When Stephen King is at his worst, which is usually when he attempts to be literary, he loses all contact with his characters' humanity and takes an almost pornographic delight in the seamier aspects of their psychoses. "Look how fucked up I can make these people," he seems to say. And like a toddler being toilet trained, he receives extravagant and exaggerated critical praise for his efforts, despite the dubious product he's created.
In "Apt Pupil," the third of King's Different Seasons novellas to be made into a movie ("The Body" became Stand by Me, while "Rita Hayworth and Shaw-shank Redemption" became The Shawshank Redemption), the author tries to connect the reader to his characters by making their actions and dialogue commonplace and cliched. They're just like everyone else. But it's the particular and the specific that make characters breathe: King's never do.
Todd Bowden, the novella's title character, is repeatedly described as "American": He has "American teeth" and "blond American hair" and strong "American hands." This story of "the total All-American kid" whose unnatural fascination with Holocaust atrocities leads him to an involvement with a fugitive Nazi war criminal has themes aplenty, but the main one is that evil arises from ordinary people. And this is overthrown.
King's characters' "human" qualities are generic and dull -- they speak and act in '50s sitcom cliches. Only their madness achieves the specific, the unique, and the personal. Consequently, the reader doesn't recognize Todd and the criminal Dussander as human. They're psychos, easily dismissed, and their evil is supernatural, extrahuman. To connect them with real, human abominations like the Holocaust is its own kind of atrocity.
Still, you can see what attracted talented young director Bryan Singer to this material. His The Usual Suspects, one of the best movies of 1995, was a masterful, sinuous revelation of a man, Keyser Soze (Kevin Spacey), who exercises brilliant, preternatural control over his public self to hide his private deviltry. King's "Apt Pupil" is the story of two people whose private evils corrupt their public selves.
Director Singer and screenwriter Brandon Boyce (who acted in Singer's debut feature film, Public Access) aim to correct the flaws in King's story by making it less sensational, more subtle and ambiguous. In their Apt Pupil, Todd (Brad Renfro) isn't the mass murderer of the novella; instead, he's drawn into a single murder. The Nazi war-criminal-in-hiding Kurt Dussander (Ian McKellen) is living safely and comfortably in America until Todd sees him on a bus, recognizes him, and insinuates himself into Dussander's life. Too late, Todd realizes that he can't become acquainted with Dussander's depravity without being tainted by it.
While King's Todd is a psychotic whose violent impulses overwhelm and destroy him, Singer and Boyce's Todd is a mixed-up kid who gets involved in something he learns he can't control. But he does learn how to cover it up and how to manipulate those who would expose him. Presumably, he's a Keyser Soze in the making.
Singer and Boyce make several serious missteps that render their version of the story no more successful than King's. Their movie makes it possible to justify Todd's actions: He makes a mistake getting entangled with Dussander; his involvement in the murder is as a victim of Dussander's manipulations and can be read as self-defense; and he does the only thing he can do, which is cover it up and end the relationship. What's a kid with your average unhealthy fascination with Nazi atrocities to do?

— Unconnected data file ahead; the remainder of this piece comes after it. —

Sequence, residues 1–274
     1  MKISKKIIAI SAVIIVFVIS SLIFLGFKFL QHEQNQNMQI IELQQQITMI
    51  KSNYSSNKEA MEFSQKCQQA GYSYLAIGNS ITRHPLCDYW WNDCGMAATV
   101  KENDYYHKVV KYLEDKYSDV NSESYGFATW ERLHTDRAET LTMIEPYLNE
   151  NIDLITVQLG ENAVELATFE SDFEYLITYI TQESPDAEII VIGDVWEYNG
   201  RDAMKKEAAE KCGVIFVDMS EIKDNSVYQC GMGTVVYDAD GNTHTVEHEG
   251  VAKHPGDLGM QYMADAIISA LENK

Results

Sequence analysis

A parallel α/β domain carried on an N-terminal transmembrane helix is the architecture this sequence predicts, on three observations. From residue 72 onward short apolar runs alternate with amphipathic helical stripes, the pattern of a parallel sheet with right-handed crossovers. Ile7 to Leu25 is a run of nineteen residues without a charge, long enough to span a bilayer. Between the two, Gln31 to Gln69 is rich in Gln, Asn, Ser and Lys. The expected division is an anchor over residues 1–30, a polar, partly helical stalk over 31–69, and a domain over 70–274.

Because this Todd isn't a psycho, we never learn why he's so intrigued by the Nazis. And by toning down Todd's crimes, Singer and Boyce inadvertently downplay the horror of the Holocaust. Renfro plays Todd with a sullen, depressed expression that rarely changes, so, unbelievably, it's McKellen's Dussander who gets the funny lines and lively moments -- such as they are.
Dussander comes across as a harmless, pathetic old guy who just happened to kill thousands of Jews a long time ago. So maybe (or maybe not -- Singer plays coy here) he stuffs an occasional stray cat in his oven and roasts it. Leave the poor guy alone already! When Dussander wears the SS costume Todd gives him, he looks rather comical, failing utterly to invoke the terrors of the Third Reich that King (and Singer) intend the moment to represent. The atrocities he recounts, which are supposed to mesmerize Todd, are blurred together in montage: One story fades away and another begins and all of them lack any palpable impact. In fact, they're boring enough that they should have cured the kid of his obsession. And the power struggles between the boy and the old man become claustrophobic and inconsequential: "I gotcha now." "Oh, no you don't." Good Lord.
Singer and cinematographer Newton Thomas Sigel are master technicians. The film looks great, and the effortlessly seductive camerawork occasionally recalls De Palma. John Ottman's music (he also served as editor) is used to less effect than in The Usual Suspects, but then, everything here is used to less effect than in The Usual Suspects. (The one moment that does come close to actual horror -- when a former prisoner of Dussander's sights him -- does so mainly because of Ottman's music.) Doubtless, the technical skill evinced in the film and its charged subject matter will lead some to consider it important. But it isn't.
"Was it a matter of human nature?" Todd's teacher asks rhetorically, teaching the kids about the Holocaust. Bryan Singer, both like and unlike Stephen King, doesn't have the answer to that question.